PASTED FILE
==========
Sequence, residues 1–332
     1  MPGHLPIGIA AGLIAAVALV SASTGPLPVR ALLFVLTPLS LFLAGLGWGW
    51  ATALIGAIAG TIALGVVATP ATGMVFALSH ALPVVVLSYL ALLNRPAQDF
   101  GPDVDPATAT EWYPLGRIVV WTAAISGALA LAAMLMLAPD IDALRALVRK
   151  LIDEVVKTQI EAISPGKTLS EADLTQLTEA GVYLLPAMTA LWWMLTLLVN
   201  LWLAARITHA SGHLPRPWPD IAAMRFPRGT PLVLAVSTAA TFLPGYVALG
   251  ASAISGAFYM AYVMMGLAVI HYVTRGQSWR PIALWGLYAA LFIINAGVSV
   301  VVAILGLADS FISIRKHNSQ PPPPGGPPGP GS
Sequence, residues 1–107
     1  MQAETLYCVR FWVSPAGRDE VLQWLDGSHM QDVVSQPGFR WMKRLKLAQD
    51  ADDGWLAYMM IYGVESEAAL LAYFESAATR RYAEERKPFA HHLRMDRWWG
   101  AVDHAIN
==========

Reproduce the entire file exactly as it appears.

Sequence, residues 1–332
     1  MPGHLPIGIA AGLIAAVALV SASTGPLPVR ALLFVLTPLS LFLAGLGWGW
    51  ATALIGAIAG TIALGVVATP ATGMVFALSH ALPVVVLSYL ALLNRPAQDF
   101  GPDVDPATAT EWYPLGRIVV WTAAISGALA LAAMLMLAPD IDALRALVRK
   151  LIDEVVKTQI EAISPGKTLS EADLTQLTEA GVYLLPAMTA LWWMLTLLVN
   201  LWLAARITHA SGHLPRPWPD IAAMRFPRGT PLVLAVSTAA TFLPGYVALG
   251  ASAISGAFYM AYVMMGLAVI HYVTRGQSWR PIALWGLYAA LFIINAGVSV
   301  VVAILGLADS FISIRKHNSQ PPPPGGPPGP GS
Sequence, residues 1–107
     1  MQAETLYCVR FWVSPAGRDE VLQWLDGSHM QDVVSQPGFR WMKRLKLAQD
    51  ADDGWLAYMM IYGVESEAAL LAYFESAATR RYAEERKPFA HHLRMDRWWG
   101  AVDHAIN